In every iteration, Vidya had given me her present — the brush of butterfly wings, the warmth of a kitten’s fur — but I’d wanted what lay beyond
Our kiss deepened and the gaps between us closed, uncertainty seeping through the seams.
Can you accept this? The void whispered. Are you enough, Arthi?
The answer undid me. I yielded to the moment and the press of her body against mine. Greedy consent on my lips.
She pulled away and my questions of how long and until when dissipated into ragged breath and want. I followed her into the bedroom that night like I’d done in every one of my previous lives. I went willingly, convinced that this time, yes, this time, things would be different.
I woke early the next morning and watched Vidya asleep under the net. Her breathing was steady, peaceful. She was beautiful and she seemed here to stay. But I felt none of the satisfaction I’d hoped to feel when she returned to me. I’d changed. I was no longer empty, like the hole left by the relocated peony so long ago. I stood there soaking in the truth at the core of all my lifetimes. I knew what I had to do.
I dressed silently, grabbed a sack from the kitchen and went out into the back garden. I shoved some clothes from the line into the sack along with some jars of medicinal herbs from my potting shed. Then I went back inside to collect the money I had saved from the market under a loose board beneath the rug. Vidya woke up and stood outside the bedroom.
“What are you doing?” She rubbed the sleep from her eyes.
“I’m ending this for both of us.”
“What?” She moved closer to me, fully awake now. “How?”
“You’re leaving me?”
“Yes.” I hid the money inside my dress and went into the bedroom. I pulled out a pair of long underwear and a woolen sweater from my winter chest, shoved them into the bulging sack and walked towards the front door.
Vidya blocked my exit, the old knife from the kitchen cupboard shaking in her hand.
“No. You can’t leave. I’ve come back.”
“We can’t keep circling each other for eternity, Vidya.” I took a deep breath. “You can have the house. Everything I have has always been yours.” I held her gaze; my voice was steady and calm.
“I’m done wandering. I’ve learned my lesson.” Vidya shuddered, pointing the tip of the knife at me. It was the first time in all our lives I’d ever seen her mask of unflappability falter. Under the façade I saw fear unabashed — fear of rejection, fear of asphyxiation in an ordinary life with me. A thin sheen of sweat dampened her forehead. I had always been the one crumbling, capitulating, but now I was whole. I was no longer waiting. I took a step closer and pulled her arm towards me, pushing the knife’s blunt point against my chest.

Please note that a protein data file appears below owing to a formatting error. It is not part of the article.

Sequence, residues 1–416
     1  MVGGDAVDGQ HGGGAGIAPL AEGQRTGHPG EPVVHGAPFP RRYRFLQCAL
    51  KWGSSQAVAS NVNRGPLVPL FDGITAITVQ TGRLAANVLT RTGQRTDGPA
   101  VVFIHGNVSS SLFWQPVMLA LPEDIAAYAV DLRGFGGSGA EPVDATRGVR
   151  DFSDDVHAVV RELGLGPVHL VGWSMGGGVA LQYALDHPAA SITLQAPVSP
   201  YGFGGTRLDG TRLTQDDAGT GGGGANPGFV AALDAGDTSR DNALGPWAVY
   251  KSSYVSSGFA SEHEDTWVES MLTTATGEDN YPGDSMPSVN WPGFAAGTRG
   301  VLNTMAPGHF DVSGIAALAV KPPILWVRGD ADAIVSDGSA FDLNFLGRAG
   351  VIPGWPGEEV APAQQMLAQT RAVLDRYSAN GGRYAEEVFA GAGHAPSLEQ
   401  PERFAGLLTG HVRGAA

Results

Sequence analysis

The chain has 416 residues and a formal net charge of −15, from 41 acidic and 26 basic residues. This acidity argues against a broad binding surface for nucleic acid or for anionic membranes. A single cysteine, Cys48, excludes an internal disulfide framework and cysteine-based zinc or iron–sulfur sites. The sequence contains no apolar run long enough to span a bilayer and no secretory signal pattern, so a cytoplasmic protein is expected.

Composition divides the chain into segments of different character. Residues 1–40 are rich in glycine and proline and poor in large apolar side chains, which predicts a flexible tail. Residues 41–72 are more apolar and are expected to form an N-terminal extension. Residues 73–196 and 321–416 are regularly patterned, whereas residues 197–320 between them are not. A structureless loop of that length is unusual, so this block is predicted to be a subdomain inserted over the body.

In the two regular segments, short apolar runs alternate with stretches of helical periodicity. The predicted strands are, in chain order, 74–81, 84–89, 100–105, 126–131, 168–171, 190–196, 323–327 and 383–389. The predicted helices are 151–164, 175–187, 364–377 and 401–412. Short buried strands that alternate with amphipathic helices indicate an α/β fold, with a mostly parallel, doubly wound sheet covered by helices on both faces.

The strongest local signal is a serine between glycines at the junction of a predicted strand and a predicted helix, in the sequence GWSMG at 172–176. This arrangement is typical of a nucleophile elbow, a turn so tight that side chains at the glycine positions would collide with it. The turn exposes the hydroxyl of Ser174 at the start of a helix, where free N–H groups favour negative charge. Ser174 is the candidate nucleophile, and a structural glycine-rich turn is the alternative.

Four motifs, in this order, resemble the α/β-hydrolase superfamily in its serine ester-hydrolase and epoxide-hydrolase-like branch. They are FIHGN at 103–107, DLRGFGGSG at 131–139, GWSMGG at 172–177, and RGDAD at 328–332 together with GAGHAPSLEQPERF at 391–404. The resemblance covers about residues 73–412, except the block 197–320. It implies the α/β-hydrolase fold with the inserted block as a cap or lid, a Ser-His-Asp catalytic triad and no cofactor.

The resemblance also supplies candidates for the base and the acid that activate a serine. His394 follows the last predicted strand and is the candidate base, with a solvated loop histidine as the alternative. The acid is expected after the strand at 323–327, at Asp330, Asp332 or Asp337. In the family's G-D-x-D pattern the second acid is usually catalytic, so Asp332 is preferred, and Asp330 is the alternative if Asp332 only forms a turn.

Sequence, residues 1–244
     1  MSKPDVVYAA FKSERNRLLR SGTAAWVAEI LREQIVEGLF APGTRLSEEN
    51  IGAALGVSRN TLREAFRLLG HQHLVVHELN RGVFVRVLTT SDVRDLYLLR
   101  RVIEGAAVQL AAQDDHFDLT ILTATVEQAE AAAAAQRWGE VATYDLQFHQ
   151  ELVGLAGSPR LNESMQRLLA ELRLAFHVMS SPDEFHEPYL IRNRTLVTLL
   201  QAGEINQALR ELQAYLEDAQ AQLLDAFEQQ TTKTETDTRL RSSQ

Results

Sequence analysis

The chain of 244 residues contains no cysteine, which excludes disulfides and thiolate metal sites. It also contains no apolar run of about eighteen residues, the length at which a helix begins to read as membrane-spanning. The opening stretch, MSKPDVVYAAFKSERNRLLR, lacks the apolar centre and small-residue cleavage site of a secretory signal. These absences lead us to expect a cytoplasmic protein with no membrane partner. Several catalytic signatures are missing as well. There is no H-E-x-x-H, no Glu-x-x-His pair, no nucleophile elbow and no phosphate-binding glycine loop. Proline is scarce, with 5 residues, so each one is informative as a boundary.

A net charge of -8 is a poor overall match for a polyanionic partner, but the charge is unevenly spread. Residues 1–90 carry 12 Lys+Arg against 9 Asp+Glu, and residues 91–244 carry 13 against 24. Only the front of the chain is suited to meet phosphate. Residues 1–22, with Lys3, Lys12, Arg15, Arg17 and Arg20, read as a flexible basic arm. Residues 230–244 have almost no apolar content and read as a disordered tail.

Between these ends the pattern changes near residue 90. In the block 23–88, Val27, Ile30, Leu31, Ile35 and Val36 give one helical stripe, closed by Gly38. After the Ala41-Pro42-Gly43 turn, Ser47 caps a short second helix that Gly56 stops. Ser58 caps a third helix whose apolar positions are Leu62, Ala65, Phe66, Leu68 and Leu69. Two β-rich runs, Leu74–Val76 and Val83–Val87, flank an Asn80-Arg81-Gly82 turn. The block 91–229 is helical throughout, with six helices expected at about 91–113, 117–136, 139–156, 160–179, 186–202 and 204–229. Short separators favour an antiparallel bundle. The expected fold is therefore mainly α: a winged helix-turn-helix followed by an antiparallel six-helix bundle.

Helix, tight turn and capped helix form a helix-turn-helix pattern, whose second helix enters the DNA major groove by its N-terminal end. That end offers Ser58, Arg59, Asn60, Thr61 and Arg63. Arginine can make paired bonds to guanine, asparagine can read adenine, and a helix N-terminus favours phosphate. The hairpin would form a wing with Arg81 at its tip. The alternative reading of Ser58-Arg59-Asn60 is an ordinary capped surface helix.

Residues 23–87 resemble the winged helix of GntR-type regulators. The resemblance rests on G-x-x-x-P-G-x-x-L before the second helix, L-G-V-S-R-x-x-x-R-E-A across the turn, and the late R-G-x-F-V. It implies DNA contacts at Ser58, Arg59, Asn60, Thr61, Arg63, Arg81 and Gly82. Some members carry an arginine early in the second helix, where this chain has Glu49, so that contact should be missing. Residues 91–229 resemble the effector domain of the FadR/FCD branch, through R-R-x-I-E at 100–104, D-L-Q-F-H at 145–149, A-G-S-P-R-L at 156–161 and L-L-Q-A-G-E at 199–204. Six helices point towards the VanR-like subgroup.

“So have I,” I said. “I’ve learned my lesson.”
I tensed my muscles, closed my eyes and pulled her arm nearer, forcing her to press the knife’s tip harder into my chest. She struggled. When my grip became too strong, a strangled cry escaped her throat and we both let go. The knife clattered on the floor, severing the invisible binding between us.
She stepped aside and sagged against the door frame. I pushed past her and started towards the village.
“Where will you go?” she called to me from the threshold.
“To the sea.”
“Were you going to say goodbye?”
I turned around to face her from the path. “No.”
I stopped at Madu’s stall before my journey to the coast. She’d aged over the years. A stoop had bridled her towering height, though her eyes remained as bright and alert as ever.
“You’re leaving,” she said as I approached her.
“They’ll miss you,” she said, nodding to the women at their stalls.
“Will you?” I asked.
“Perhaps.” She quirked her lips upwards. “I’ve had my share of comings and goings over the years, Arthi. I’ve always expected change, even from you.”
“Thank you, Madu,” I said. She responded with another sharp nod and then I was off to the nearest seaport.
I engaged a room in a large boarding house and helped its landlady with the chores as part of my room and board. I walked along the shore examining the moss that grew on the rocks and the slippery algae that coated the dock posts. Even in this place of rapid comings and goings, life still clung to any foundation with a trace of permanence.
I clung to nothing. Aside from my clothing, my room was bare. I made medicinal broths from kelp, fish heads, and herbs cooked in a borrowed pot from my landlady. I sold my remedies from a stall at the fish market.
Sometimes, I thought of Vidya and the women of the village. Though my reminiscences of them were often swept away, by a sailor wanting a tea to soothe a burning throat, a mother searching for an elixir to give her child vigour. I stood in the present, listening and holding their gazes. Here, surrounded by the smell of fish and the salty sea air, there was no place for lamenting the past or planning the future. No place to root lifelong attachments, deep in the soil. I ebbed and flowed with the tides and the flux of people who loved and left, leaving no mark upon the sand. There was only the boundless sky and its subtle shades flashing across the surface of the sea. I knew now I could thrive anywhere; I vibrated with fullness. After this life, I would be free.
About the Author
Suzan Palumbo lives in Ontario, Canada, where she is an ESL teacher and writer. Originally from Trinidad and Tobago, her life is a fusion of Caribbean, Indian, and Canadian culture. She grows tomatoes in the summer, is a tobogganing enthusiast, and can often be found wandering the forest near her home. She has had work published at Diabolical Plots, PodCastle, and Anathema and is a Shimmer Badger emeritus.
About the Narrator
Nadia Niaz is a writer, editor, and academic who is now mostly from Melbourne and still a little bit from lots of other places. She has a PhD in Creative Writing and Cultural studies and teaches poetry and creative writing to everyone from pre-schoolers to postgraduates. She’s a member of the West Writers Group and the founder of the Australian Multilingual Writing Project.
About the Artist
Geneva Benton is a self-taught illustrator from North Carolina, who loves working with colors, big hair, and drawing whimsy with a touch of realism and happiness. Her work has appeared in magazines, novels, editorial and advertising campaigns.